I came across an article in the New York Times that talks about the benefits of so-called “expressive writing” – some of which I’ve already started to experience since I started writing this blog recently.
“Studies have shown that writing about oneself and personal experiences can improve mood disorders, help reduce symptoms among cancer patients, improve a person’s health after a heart attack, reduce doctor visits and even boost memory.”
I’m particularly keen about the benefit of boosting memory. I realized that the way I decided to cope with tough things is to pretend they never happened, to erase my memories. Until I recently realized that I’m missing out on my own life, that I’m just erasing myself. So I’m forcing myself to remember what happened, how I felt, to ask questions, to make things clear to myself. And then instead of taking memories out of my system, I’m hoping to find a place within me where they belong.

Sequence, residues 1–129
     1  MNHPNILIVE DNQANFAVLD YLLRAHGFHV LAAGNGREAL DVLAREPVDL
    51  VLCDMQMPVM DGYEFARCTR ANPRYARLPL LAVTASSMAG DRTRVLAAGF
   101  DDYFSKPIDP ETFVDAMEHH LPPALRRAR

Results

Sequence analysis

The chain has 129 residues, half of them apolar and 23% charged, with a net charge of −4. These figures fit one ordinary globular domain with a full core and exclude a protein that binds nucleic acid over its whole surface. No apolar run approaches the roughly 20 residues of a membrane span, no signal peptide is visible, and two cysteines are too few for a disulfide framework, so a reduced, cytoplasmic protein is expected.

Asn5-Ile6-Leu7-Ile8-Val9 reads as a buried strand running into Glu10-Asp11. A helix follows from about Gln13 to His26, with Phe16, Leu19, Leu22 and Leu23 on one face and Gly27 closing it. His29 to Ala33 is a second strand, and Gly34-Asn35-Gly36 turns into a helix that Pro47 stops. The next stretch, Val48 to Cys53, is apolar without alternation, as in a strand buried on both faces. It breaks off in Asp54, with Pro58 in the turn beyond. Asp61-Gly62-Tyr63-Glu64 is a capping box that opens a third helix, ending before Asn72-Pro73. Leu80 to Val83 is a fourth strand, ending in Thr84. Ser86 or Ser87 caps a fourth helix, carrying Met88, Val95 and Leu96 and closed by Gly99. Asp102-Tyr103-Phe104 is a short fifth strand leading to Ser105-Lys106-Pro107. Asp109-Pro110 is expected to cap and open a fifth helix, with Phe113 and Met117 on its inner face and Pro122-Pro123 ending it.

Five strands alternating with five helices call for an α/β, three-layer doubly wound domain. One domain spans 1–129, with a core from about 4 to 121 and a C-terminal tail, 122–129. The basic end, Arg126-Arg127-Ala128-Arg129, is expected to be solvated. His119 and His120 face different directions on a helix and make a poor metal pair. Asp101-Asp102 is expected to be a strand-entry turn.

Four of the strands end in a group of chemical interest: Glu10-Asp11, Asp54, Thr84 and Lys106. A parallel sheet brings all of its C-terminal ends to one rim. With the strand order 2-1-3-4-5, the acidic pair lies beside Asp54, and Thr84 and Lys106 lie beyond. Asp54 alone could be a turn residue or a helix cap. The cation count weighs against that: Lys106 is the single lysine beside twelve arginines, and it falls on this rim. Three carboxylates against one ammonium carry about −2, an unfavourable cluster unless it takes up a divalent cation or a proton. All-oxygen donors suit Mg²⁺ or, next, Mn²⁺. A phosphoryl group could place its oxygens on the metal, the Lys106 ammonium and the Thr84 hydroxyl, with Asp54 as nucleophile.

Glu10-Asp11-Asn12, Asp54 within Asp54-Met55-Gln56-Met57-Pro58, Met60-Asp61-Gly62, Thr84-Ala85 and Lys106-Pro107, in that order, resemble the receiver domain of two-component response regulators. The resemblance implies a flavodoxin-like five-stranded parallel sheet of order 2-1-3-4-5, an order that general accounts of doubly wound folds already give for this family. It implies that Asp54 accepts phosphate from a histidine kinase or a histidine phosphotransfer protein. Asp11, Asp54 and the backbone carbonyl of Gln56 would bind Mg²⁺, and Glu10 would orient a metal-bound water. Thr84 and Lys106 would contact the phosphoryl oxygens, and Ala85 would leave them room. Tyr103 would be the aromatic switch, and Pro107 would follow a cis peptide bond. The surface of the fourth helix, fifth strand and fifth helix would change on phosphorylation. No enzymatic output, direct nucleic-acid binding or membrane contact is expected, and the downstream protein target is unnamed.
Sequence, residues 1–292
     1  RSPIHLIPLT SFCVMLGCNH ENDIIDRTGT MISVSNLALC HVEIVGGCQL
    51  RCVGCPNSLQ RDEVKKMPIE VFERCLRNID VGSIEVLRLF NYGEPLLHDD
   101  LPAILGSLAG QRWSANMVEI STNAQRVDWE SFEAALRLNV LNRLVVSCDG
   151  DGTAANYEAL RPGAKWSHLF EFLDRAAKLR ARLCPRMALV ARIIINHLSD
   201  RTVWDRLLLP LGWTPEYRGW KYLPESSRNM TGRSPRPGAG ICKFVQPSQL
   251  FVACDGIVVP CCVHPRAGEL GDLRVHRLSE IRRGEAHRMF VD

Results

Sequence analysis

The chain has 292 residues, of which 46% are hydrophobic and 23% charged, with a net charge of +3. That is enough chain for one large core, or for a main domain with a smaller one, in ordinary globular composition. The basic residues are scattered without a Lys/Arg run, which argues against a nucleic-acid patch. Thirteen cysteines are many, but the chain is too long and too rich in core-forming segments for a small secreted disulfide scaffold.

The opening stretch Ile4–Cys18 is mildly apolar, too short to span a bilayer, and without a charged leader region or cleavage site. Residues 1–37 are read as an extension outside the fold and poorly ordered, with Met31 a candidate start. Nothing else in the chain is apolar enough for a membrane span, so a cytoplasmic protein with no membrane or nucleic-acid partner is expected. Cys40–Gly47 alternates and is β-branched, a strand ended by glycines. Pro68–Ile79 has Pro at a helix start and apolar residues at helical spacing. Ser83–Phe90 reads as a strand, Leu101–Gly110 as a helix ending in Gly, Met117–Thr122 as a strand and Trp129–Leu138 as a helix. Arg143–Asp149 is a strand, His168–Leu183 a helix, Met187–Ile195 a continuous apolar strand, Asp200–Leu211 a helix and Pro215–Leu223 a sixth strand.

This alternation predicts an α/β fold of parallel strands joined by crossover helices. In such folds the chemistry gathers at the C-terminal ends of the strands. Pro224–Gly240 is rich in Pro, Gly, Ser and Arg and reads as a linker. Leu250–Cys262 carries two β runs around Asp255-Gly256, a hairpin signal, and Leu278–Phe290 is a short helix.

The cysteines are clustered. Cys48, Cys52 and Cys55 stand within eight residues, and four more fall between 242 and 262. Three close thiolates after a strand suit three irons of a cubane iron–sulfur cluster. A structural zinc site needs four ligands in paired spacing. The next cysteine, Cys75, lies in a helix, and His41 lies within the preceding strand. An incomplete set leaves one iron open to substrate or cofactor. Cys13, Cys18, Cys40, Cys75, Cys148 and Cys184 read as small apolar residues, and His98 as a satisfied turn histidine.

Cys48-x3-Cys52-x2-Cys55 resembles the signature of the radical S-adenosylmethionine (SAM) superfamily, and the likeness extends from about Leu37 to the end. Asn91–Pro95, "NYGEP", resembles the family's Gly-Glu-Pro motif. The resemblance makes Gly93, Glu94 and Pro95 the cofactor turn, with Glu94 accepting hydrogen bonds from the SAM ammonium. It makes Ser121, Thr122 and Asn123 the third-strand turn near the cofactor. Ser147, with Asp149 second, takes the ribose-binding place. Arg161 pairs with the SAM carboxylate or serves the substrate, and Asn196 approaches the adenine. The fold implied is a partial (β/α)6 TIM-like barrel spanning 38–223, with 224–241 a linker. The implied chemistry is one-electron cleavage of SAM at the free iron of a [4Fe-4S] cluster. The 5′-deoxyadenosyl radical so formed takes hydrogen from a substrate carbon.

“The concept is based on the idea that we all have a personal narrative that shapes our view of the world and ourselves. But sometimes our inner voice doesn’t get it completely right. Some researchers believe that by writing and then editing our own stories, we can change our perceptions of ourselves and identify obstacles that stand in the way of better health.”
I’m looking forward to this journey. Time to confront instead of forget.
About the photo
I recently feel like the universe is giving me messages through signs on the streets. Or more likely I’ve just started paying more attention to them. Today I saw this beautiful artistic wall in one of the subway stations in San Francisco. A place where I’ve often walked, but never took a moment to look at this beauty or even notice what it said. “Love your heart.” Yes!